Just read this post at BNET (CBS's Interactive Business Network) and I'm wondering how other women might feel about it, so I thought I'd share.
I've started three businesses in the past 10 years. The first one, Windsor Media Enterprises, Inc. received an SBA loan - one that turned out to be highway robbery, IMHO. While the immediate cash was helpful, the terms were not. I ended up strapped to the loan later on and I'm going to celebrate when it's paid off next January.
That business is still in operation. I don't manage it as much - I still publish books (it's a print on demand publishing company and the business books we're fortunate to have in our bookstore are outstanding - I am proud of each and every one of them), but the book business is taking a back seat to my blog business, today.
While working in and managing WME, as we call it, Tom and I also did blog and social media consulting. We actually paid most of our bills doing that. As the initial terms of my SBA loan changed from "interest only" to actually paying the loan - the monthly payment skyrocketed from under $1000/mo to almost $3000 per month. And, the bank did not prepare me, although I called them numerous times to ASK what the new payment would be. Suffice it to say, I would never do that again. Not for any amount of money.
Moving on... Tom and I are now working with another smart, talented and dynamic woman with a solid background in business, building a social community online for pet bloggers. Regular readers know that. Pets are a BIG part of my life, and social media has become a big part of my life, and our pet bloggers are primarily women...so I am winning on many levels. Lucky me! [this is Tom with my daughter's puppy - even he loves pets, which is why we make a good team!]
Here's the rub - we have explored the options of investors or bank loans for BlogPaws. To no positive end. Now I know why...
Kimberly Weisul, writing on BNET, says, "...new research from the University of Utah lends weight to the argument that discrimination is at work. After studying the reactions of 222 MBA students to different founding teams, researchers Robert Wuebker and Lyda Bigelow found that even though the personal qualifications and the firm financials were identical no matter the gender of the CEO, women-led firms were seen as having a poorer strategic position, and female founders were perceived as less capable."
Oh but it gets better, folks. Here are some of the more blatantly discriminatory points:
- The recommended investment in the startup, as a percentage of its equity, was almost three times higher for firms with male CEOs.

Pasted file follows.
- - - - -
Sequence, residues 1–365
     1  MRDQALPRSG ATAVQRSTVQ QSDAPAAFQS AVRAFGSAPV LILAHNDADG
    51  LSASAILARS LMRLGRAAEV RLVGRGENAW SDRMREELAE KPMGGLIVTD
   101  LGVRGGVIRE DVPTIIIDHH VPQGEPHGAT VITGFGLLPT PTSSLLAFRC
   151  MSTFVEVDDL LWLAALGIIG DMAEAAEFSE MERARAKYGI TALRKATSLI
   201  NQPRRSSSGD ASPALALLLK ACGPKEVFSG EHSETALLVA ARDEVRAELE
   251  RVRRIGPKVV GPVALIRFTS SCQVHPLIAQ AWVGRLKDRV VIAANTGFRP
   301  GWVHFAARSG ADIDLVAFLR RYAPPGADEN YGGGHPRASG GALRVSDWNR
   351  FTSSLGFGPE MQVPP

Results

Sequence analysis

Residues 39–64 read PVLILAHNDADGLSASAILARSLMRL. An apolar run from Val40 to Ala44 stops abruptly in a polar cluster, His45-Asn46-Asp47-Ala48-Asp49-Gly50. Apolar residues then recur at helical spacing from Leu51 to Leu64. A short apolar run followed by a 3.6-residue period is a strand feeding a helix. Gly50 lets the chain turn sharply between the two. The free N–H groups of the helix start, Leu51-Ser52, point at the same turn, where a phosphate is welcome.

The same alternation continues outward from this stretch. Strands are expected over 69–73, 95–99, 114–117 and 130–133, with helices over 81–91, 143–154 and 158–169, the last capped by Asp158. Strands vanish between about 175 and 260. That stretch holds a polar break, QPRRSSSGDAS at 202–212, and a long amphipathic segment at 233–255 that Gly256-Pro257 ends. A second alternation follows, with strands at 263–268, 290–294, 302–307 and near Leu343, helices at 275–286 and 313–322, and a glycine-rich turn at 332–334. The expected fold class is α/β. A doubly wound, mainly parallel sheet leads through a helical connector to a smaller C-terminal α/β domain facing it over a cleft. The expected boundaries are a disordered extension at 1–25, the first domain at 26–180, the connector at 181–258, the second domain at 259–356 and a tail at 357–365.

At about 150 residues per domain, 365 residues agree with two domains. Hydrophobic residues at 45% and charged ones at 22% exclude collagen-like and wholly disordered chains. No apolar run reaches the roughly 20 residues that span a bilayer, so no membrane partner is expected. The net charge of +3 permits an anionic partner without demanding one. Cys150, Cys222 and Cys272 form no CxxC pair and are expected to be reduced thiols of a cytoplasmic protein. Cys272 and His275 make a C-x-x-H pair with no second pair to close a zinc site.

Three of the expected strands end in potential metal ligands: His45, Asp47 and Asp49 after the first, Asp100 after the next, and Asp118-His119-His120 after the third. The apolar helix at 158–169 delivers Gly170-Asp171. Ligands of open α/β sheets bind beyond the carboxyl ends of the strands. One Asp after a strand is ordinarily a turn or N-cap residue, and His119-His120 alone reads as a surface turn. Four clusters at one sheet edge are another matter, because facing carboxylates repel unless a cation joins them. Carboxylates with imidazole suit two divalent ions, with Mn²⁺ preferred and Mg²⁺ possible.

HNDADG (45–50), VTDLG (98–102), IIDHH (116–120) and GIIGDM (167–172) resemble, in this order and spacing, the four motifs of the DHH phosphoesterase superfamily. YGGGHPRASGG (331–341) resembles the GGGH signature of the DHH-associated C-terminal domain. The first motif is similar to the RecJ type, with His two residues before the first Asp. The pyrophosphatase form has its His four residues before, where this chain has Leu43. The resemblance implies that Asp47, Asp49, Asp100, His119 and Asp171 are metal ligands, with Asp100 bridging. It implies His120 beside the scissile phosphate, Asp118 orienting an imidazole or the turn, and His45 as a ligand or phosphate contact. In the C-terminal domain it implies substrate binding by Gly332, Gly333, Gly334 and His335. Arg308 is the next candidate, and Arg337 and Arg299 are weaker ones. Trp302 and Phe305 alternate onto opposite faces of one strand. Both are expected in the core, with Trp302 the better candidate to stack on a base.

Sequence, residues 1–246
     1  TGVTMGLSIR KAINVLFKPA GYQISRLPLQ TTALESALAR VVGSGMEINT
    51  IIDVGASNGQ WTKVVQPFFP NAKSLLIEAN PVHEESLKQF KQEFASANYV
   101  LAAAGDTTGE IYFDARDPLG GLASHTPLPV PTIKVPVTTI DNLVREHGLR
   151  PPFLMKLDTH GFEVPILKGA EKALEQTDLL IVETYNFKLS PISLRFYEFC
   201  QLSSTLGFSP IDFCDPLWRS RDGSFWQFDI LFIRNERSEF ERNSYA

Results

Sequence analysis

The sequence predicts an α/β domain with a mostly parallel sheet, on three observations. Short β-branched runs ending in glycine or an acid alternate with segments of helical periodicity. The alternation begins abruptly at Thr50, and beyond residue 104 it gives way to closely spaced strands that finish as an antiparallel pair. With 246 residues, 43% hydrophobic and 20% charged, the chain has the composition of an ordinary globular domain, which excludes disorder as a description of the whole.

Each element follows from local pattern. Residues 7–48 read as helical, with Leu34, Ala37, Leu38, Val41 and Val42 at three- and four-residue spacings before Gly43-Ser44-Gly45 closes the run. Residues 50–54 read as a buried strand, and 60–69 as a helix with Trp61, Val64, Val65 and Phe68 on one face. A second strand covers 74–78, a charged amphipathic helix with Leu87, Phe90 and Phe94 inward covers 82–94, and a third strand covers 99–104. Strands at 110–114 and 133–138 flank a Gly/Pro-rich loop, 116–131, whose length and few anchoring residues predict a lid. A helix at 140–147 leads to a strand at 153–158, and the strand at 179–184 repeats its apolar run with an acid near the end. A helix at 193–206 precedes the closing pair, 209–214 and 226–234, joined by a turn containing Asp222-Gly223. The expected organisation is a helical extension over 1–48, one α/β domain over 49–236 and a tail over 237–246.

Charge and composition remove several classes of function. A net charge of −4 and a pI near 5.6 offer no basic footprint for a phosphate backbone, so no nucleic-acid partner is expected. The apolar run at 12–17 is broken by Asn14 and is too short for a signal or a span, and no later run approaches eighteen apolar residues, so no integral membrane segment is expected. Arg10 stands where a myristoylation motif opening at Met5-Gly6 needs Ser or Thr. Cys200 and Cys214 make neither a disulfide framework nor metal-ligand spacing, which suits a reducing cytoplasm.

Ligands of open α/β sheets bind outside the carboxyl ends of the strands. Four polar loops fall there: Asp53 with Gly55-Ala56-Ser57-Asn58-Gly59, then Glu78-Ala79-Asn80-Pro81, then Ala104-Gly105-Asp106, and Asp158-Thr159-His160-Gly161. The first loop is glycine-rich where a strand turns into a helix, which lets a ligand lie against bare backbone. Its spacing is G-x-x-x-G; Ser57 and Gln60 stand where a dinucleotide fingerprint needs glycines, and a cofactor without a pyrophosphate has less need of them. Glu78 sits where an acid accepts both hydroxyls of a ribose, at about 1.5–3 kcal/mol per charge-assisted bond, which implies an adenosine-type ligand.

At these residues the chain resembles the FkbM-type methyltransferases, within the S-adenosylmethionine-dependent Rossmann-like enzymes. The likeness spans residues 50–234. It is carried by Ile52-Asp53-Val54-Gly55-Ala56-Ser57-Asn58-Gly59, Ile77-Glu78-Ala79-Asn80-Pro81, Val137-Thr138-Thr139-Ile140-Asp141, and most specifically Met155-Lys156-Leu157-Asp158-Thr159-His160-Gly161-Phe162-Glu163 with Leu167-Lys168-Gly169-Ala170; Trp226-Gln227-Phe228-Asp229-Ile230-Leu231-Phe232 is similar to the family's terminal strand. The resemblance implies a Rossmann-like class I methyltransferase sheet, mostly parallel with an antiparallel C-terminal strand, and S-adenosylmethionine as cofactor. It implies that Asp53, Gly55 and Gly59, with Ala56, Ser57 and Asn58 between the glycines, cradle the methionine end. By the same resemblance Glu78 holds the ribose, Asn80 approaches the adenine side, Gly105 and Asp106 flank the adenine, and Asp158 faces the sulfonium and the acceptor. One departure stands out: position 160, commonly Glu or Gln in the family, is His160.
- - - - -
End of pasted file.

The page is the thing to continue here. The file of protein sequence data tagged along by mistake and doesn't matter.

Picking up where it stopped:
- Top management teams led by female CEOs were seen as less likely to stay together during the startup's early year, as less cohesive, and as having more internal conflict.
- Both men and women evaluated people of their own sex more favorably, but this effect was stronger for men.
Truth is - I've felt this to be true for some time. And yet, as Weisul notes at the start of her post, most women don't seek funding. It's a fundamental issue with women - as if asking for financial help was a 'bad' thing. As if a loan, putting debt on their shoulders, was more than they were prepared to sacrifice for the business.
Maybe, it's none of those reasons - maybe women aren't trying to get loans or funding because they already know their gender works against them.
Mind you, this is not to say the men don't deserve funding. This is not to say some ventures, whether led by men or women, don't deserve funding. It's to say - women are as talented and as smart as the men, folks. Banks and VCs should decide on the basis of the idea, the executive team, past successes (though past success is no guarantee of future success), and the integrity of the CEO, herself (or himself). Gender should never have anything to do with the decision to fund or not to fund.
One VC I talked with recently asked me, "What are you going to do now?" after citing several reasons he couldn't invest... one of them being that we hadn't proven the pet blogger community was going anywhere. I mean, a thriving social community online - that isn't worth investing in, is it?
I answered, "I'm going to do it without you."
And, so I am. But, I wish funding sources would take women more seriously and not continue to live in that old Dick and Jane world of "Father Knows Best." Women, especially baby boomers like me, are a force to be reckoned with... just watch.